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Abstract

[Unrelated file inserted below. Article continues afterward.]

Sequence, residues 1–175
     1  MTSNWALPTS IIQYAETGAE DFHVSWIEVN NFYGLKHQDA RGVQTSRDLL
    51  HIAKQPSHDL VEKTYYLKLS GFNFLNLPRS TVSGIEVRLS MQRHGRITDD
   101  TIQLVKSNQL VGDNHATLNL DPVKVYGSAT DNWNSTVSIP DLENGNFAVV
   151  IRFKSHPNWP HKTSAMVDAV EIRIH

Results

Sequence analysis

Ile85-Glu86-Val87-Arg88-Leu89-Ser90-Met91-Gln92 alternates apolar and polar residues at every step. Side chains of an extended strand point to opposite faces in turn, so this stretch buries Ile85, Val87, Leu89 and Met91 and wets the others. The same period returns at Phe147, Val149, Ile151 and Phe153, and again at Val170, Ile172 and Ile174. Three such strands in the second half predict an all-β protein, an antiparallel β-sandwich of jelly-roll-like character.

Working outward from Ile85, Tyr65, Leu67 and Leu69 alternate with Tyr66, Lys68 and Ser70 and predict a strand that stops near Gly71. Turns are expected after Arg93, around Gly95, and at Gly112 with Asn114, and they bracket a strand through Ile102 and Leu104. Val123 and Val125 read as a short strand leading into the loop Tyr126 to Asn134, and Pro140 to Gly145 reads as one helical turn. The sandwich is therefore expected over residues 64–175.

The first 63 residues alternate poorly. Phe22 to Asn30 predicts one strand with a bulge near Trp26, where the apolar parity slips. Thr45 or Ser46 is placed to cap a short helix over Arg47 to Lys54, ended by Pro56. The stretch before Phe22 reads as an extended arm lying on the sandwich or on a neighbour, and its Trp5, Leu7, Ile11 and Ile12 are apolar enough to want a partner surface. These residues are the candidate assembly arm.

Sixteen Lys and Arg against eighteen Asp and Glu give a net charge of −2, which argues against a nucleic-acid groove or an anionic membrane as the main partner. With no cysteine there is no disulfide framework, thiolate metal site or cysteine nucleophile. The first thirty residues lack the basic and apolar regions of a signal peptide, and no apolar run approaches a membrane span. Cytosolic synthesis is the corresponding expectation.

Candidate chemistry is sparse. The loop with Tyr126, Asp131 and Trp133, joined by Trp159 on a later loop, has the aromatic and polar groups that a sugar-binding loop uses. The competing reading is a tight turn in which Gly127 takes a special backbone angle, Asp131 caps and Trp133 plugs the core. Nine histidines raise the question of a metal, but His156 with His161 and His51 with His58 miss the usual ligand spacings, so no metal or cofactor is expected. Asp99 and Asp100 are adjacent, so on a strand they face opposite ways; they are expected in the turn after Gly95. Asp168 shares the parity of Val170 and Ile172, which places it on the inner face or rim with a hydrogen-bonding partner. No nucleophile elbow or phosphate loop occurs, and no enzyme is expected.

The pace of rural-urban migration relative to urban job creation is of particular relevance in relation to the level of urban unemployment and poverty in many developing countries. Faced with high levels of urban unemployment and other socio-economic problems governments in developing countries adopted several policies to ameliorate the situation. Since such policies were mainly urban biased in nature it not only failed in most cases but also in some instance exacerbated the situation by stimulating more rural-urban migration. Rural-urban migration occurs where there is economic disparity between rural and urban areas. Some economists therefore, argue that boosting agricultural productivity and/ or income can reduce the incidence of economic problems partially posed by rural-urban migration. In this paper, an attempt is made, using a recursive equation system and a South African data set for the period 1965-2002, to measure the indirect agricultural input elasticity of rural-urban migration. The results indicate that narrowing the urban-rural income differentials can reduce the massive rural-urban migration and high urban unemployment in the country. It is furthermore shown that developing agricultural land and infrastructure and increasing fertilizer use can boost agricultural income, reduce rural-urban migration and is consistent with policies aimed at curbing urban unemployment.

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